In those early years, only a couple of hundred people came to the ranch to camp and listen to music. The headliners back then were Grand Ole Opry members like Johnny Paycheck, best known for popularizing the outlaw-country song “Take This Job and Shove It.”
Before long, Woodruff had a makeshift stage, a small bonfire and a loyal crowd of people having a good time, drinking beer and telling jokes. One visitor was a reporter from the Rapid City Journal, who wrote a big article about the gathering and deemed it the equivalent of an old mountain man rendezvous. The next day the cars poured in from Rapid City—and haven’t stopped coming since.
Today, the Buffalo Chip is an adult theme park for gun slinging, leather-clad bikers and women who enjoy painting their breasts with the Stars and Stripes. A sea of vendors form a perimeter around the main amphitheater, selling everything from burgers and beer to bandanas with flaming skulls and bodices made of lambskin.
Those who wish to permanently commemorate their visit can brand themselves at a tattoo parlor. The headliners are no longer Johnny Paycheck but Kid Rock, Willie Nelson and Miranda Lambert. Beyond the old-timey bonfire sessions, there are now stunt shows, flat track races and whatever screwball ideas the combination of alcohol and exhaust fumes can inspire.
Take, for instance, the Super Hooligan races. A throwback to the days when riders would make modifications to their machines for track races, this “run what you brung” concept has a modern update thanks to former pro racer and custom motorcycle designer Roland Sands, and the organizers at Buffalo Chip jumped at the opportunity to showcase the event.
“Last year, we couldn’t foresee that we’d be doing a flat track race,” says Daymon Woodruff, Rod’s son. Like Rod, Daymon speaks slowly and deliberately, but his cowboy demeanor has an urban update. He is eager to make Buffalo Chip as big as any outdoor festival, without the sterile feeling that plagues so many similar events today.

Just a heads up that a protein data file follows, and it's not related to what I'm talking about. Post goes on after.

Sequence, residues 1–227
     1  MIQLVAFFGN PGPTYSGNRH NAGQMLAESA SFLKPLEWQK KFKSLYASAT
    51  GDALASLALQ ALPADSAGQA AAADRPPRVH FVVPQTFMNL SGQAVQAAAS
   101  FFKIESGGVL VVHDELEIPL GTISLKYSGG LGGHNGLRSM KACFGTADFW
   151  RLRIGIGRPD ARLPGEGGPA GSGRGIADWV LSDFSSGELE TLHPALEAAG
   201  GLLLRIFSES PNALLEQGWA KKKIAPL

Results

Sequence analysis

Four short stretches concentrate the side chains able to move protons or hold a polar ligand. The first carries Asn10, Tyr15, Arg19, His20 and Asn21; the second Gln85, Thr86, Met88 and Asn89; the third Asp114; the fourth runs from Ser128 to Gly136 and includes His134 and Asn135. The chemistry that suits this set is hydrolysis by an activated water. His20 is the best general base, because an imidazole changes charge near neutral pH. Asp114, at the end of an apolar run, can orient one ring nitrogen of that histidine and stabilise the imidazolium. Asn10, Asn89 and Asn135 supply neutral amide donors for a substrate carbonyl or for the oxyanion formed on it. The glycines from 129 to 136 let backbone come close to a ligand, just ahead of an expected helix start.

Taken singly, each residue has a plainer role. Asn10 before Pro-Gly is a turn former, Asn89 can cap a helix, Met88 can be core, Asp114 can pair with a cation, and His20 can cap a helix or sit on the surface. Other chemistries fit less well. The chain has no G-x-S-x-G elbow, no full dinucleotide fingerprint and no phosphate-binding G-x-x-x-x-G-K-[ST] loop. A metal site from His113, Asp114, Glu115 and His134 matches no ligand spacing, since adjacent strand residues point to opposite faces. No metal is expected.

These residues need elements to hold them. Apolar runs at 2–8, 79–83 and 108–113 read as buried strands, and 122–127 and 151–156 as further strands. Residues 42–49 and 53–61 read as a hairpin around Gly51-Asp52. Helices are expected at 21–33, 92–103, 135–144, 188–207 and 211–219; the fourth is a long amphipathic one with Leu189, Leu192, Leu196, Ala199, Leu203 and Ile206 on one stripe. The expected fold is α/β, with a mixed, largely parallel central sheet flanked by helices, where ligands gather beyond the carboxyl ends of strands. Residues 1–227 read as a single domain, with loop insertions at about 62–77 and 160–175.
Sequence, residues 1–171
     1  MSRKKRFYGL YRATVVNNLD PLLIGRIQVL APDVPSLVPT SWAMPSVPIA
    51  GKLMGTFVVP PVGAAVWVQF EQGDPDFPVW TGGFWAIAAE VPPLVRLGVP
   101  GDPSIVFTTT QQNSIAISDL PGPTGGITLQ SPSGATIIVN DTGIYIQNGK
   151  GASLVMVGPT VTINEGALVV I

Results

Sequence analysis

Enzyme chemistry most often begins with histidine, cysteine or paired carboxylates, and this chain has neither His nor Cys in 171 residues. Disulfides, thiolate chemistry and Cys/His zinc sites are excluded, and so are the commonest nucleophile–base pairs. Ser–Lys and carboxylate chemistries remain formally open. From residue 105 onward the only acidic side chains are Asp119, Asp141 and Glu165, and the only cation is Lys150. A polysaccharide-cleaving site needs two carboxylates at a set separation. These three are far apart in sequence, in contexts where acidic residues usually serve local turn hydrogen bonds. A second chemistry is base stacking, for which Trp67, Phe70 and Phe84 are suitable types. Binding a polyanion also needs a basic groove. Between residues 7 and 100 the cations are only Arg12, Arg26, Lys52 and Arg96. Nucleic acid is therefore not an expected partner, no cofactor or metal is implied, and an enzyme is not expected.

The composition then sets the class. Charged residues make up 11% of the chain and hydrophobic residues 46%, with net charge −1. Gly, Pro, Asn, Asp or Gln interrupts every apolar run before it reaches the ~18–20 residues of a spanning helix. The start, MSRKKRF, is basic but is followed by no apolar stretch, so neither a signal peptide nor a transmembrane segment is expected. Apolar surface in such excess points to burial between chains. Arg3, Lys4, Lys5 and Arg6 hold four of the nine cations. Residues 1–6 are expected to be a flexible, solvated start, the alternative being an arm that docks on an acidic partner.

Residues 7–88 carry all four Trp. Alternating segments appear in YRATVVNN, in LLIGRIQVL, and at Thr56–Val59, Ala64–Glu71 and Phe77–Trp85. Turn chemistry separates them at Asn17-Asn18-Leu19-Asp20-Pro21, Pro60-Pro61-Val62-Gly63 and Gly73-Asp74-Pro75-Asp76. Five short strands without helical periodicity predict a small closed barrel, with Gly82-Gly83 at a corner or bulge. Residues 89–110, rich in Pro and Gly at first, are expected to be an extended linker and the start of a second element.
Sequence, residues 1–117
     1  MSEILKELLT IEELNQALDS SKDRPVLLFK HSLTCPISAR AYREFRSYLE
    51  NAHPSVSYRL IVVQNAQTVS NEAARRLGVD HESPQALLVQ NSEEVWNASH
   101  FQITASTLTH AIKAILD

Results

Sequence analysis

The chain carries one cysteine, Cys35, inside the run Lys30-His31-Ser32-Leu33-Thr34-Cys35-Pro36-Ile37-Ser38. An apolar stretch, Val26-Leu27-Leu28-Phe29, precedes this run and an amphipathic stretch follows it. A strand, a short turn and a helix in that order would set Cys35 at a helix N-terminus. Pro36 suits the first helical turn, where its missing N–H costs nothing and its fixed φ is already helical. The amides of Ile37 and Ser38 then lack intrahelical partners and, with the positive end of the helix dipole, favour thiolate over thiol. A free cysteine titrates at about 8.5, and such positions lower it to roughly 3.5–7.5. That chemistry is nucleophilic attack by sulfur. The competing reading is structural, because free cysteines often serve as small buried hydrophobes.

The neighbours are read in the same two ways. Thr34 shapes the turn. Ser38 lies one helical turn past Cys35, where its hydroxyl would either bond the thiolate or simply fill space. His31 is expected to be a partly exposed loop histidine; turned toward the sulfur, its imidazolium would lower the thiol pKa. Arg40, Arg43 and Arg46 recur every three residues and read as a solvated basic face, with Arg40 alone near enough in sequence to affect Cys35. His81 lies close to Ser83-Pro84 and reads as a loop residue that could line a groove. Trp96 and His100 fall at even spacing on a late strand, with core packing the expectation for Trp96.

The morning of the flat track race, bulldozers are digging up dirt in front of the main stage where concertgoers were standing the night before and will be standing again just a few hours after the races.
Putting a bunch of high-speed riders on a freshly made track might work, or it might not, but at Buffalo Chip, the organizers will try anything once. “One time we had a guy jump through a flaming shithouse,” Daymon says. A flaming shithouse? “Yeah, you just start an outhouse on fire and have a rider jump through it and land. It was a success!”
There were epic failures, too. In 2013, daredevil Clint Ewing tried to set a world record, riding through a 300-foot tunnel of fire. He didn’t make it. About two- thirds of the way through, Ewing couldn’t see and his gloves started melting into his hands. He needed skin grafts, but he lived.
“Man, I probably wouldn’t have done that,” Daymon says with a laugh. But the freedom to take an idea from start to finish, even if it’s dangerous or ridiculous … well, that’s what Buffalo Chip is all about.
A couple of hours before the flat track races, it starts to pour. The South Dakota winds are merciless and can blow thunderstorms in and out of the campground in a matter of minutes. Finding cover under the race tents, the competitors watch as the track is seemingly washed away.
“It’s going to be a massacre out there!” the PA lady yells. “These riders are here to battle it out for your entertainment!”
During one heat, a racer who’s hugging the inside of the track slams into the rider in front of him, spins out of control and splats onto the wet ground. Racers whip past him and there’s a split- second of panic when the chances of him getting trampled are tenfold.